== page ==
3, if you play basketball while starting in less than tip-top shape, you'll become more fit over time simply by playing without focusing on it specifically.  This is gear progression.

Being able to use gear for anything outside of raids is a side benefit -- the main purpose is to allow progression over time for raiding groups rather than have to explicitly nerf content or start it out incredibly easy.
I prefer content that challenges me as a player as opposed to my character as "properly geared." exactly what raiding is.  Why do you think world first guilds kill a boss with far, far worse gear than most?  Because they're much better and the content is beatable at that point -- but most people aren't good enough to do it.  Therefore, to compensate for not being as good Blizzard lets people slowly get stronger with gear each week in addition to them practicing and becoming better.  This allows less skilled groups to kill bosses by putting in the effort of reclearing if they find a boss too difficult to beat with their lesser skill level.

Basically, it's "If you're good enough, you can kill the boss.  If you're not, then you can get a bit more gear each week and eventually kill the boss."  I promise you that you will never find a situation where you cannot beat the boss with skill unless you fall into one of two categories:

1, you're a world first raiding and literally doing 10-20% less output than the designers tuned for because your gear is so bad (due to spending 50+ hours the first week progressing through bosses and thus reaching the final boss after the first week instead of after a few months as intended).  This is not an issue for 99.9% of players.

2, you try to jump into the final tier of content right away or something.  This is like being that 400 lb man and challenging the NBA player.  You might be better at free throws but you're still going to lose.  You need to work at getting in shape first -- which, if you've been raiding the whole expansion, you already ARE because you have the gear from raiding during the previous tier.  So this is only an issue for people who come in at the end of an expansion or something and try to skip to the end.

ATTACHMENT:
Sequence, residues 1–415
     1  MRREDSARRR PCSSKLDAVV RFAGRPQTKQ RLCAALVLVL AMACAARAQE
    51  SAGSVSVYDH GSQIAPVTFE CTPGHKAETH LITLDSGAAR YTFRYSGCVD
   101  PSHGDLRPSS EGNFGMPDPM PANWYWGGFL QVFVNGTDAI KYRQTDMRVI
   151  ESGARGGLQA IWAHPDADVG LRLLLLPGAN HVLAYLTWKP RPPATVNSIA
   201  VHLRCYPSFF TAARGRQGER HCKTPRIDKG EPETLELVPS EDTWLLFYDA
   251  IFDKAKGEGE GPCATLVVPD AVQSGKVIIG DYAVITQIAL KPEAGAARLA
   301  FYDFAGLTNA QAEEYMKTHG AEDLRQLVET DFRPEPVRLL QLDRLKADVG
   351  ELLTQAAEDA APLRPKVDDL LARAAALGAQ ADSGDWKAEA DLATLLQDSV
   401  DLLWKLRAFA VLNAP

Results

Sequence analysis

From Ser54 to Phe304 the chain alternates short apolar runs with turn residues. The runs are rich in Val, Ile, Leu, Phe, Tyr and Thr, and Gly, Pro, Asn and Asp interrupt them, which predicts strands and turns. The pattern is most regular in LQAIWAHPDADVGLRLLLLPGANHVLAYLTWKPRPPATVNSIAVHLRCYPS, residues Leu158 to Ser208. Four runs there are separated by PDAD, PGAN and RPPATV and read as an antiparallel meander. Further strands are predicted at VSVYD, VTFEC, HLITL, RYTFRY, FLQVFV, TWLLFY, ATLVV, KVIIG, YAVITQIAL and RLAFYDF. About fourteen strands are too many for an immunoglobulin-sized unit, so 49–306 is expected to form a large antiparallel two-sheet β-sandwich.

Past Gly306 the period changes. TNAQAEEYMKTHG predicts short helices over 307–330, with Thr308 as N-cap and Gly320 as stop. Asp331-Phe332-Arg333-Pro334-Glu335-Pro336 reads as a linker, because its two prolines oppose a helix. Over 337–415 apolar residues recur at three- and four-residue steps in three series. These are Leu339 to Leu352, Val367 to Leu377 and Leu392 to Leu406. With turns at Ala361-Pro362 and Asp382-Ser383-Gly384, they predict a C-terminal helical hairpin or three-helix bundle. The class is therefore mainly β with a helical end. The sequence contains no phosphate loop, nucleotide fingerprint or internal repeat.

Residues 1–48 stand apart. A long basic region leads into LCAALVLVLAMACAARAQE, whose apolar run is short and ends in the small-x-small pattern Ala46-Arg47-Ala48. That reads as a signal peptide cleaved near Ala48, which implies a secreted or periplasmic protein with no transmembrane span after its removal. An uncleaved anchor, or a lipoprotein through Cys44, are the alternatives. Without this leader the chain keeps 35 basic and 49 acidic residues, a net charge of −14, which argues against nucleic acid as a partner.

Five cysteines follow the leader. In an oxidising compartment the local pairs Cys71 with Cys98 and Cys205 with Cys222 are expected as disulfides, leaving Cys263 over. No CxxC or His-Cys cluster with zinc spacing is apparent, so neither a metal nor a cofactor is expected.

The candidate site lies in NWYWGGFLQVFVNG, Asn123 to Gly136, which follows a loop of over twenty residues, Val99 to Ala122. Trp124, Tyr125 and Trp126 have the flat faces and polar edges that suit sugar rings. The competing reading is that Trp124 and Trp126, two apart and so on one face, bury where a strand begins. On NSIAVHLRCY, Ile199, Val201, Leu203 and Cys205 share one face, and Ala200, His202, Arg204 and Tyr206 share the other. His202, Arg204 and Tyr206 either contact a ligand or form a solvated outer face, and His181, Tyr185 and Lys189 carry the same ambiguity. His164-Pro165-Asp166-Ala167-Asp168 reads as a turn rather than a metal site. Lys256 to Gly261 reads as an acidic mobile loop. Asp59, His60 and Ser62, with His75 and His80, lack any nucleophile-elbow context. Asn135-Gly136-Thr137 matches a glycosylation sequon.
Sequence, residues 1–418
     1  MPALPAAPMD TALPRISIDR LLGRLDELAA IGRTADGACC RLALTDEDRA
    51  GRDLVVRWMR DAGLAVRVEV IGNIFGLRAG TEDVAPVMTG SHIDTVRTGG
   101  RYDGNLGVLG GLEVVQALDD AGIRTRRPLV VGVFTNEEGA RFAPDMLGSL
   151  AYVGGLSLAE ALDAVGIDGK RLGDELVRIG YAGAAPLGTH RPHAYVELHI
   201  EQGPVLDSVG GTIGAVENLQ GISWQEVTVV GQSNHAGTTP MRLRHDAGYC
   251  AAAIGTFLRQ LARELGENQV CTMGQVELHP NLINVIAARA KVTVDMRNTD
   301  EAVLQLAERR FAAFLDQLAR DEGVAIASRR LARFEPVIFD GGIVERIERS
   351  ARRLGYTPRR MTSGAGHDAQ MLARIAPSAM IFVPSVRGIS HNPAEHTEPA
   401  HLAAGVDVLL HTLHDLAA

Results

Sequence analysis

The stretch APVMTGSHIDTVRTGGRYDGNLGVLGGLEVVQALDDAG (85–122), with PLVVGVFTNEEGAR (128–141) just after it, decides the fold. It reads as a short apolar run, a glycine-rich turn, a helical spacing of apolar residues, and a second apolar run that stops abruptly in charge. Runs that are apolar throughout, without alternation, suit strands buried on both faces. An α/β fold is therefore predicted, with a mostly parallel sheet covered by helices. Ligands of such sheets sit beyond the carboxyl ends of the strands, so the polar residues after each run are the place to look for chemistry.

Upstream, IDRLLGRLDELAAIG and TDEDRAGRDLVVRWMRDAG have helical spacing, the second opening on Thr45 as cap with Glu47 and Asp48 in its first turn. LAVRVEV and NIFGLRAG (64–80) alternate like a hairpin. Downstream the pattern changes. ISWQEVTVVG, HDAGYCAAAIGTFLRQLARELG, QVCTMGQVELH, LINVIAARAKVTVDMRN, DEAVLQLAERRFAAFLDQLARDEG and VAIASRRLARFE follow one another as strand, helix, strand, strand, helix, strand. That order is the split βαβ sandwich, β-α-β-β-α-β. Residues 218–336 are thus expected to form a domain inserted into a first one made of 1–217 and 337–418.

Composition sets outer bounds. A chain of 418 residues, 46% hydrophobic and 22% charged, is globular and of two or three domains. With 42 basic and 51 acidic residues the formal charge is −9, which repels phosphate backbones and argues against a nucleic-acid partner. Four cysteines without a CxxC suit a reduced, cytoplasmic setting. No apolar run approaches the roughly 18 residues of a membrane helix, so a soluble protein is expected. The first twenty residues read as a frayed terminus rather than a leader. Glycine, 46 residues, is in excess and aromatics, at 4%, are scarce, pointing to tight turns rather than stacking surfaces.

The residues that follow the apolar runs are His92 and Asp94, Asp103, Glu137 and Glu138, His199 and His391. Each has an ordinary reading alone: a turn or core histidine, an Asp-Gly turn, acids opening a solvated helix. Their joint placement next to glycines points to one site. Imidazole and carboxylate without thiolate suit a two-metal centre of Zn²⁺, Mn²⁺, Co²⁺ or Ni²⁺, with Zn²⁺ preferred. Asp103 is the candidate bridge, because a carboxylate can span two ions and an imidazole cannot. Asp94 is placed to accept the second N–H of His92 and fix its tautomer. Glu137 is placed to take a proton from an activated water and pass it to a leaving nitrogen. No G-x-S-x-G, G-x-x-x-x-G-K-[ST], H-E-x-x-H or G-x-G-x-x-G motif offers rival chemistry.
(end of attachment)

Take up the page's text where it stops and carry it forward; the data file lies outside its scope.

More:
In short, if you're raiding normally, you will never find a situation where you can't beat a boss with skill.  You will never need more gear.  Gear will HELP but that's its purpose -- to nerf the content if you don't have the skill.
 It bothered me (and others I have spoken with) that so much time and effort was spent on TBC raid content that so few people saw because it was hidden behind gear gates and other barriers. Blizzard has acted to change that in subsequent ex-pacs with Flex and LFR, and that is a great thing.
Sure, the TBC model had a lot of flaws and neither Stubborn nor I are defending it.  Interestingly enough the first effort to make more accessible content was the 10 man normal modes of WotLK.  LFR/Flex sort of came into being because they took 10 man WotLK normals away in Cataclysm when they equalized 10s and 25s.

Also, Stubborn was suggesting that the raids be used while leveling -- he's referring to content from previous expansions, not previous tiers of the current expansion.
Your reasons for being a loot hound don't change the fact that you are one.
I am sorry, but in terms of achievements, I'd rather work slow and steady than pray for just the right combination of numbers in a loot lottery.
I've said it before, but you seem not to be listening: Extrinsic rewards and virtual slot machines are not why I go through a given bit of content. I may sound condescending. I'm not trying to be. If you enjoy end-game raiding in WoW, that is wonderful. I did for a while, but then I realized I didn't, so I stopped.
So...uh...yeah.  You REALLY missed what I was saying about the bosses (as you subsequently noted).  But to make sure we're all on the same page...

I play for killing bosses (not loot), my achievements are bosses dying (not loot), and I enjoy end-game raiding in WoW (not extrinsic rewards or virtual slot machines).  The complete reverse of what you originally said.


This was then followed by the second post linked earlier.

Repeating content over and over for weeks and months—regardless of how easy it became before we moved on to the next challenge—lost its appeal long before I came to the realization that my raid group didn't really need me.
 I think there's two important parts here.

1, the reason you repeat the content each week is to slightly nerf the boss you apparently can't beat yet each week.  Otherwise, from Blizzard's perspective, you'd have killed him (or her) already so you must need help.  They eventually realized that sometimes it was due to people not having the time to do the whole thing in one week and thus started allowing lockout extensions -- meaning you could pick up where you left off last week and could keep working on the boss if you decided you didn't need the loot.

2, there are several reasons you keep raiding once everything is dead.  One, most raiders LIKE raiding inherently.  They enjoy beating the bosses just like you enjoy playing tennis with a friend for the three hundredth time.  Two, many raiders like the social atmosphere of farm content and hanging out with their raid group during a scheduled activity.  Three, groups that stop raiding typically break apart because many people within the group DON'T want to stop and thus they find a new team.  So you keep raiding to preserve the team for the next tier.


There's clearly a lot of misconceptions about raiding out there.  Amusingly enough, many of them are from people who haven't played WoW in a long time (like BC).  I say "amusingly" because gear mattered even less in BC than it does now.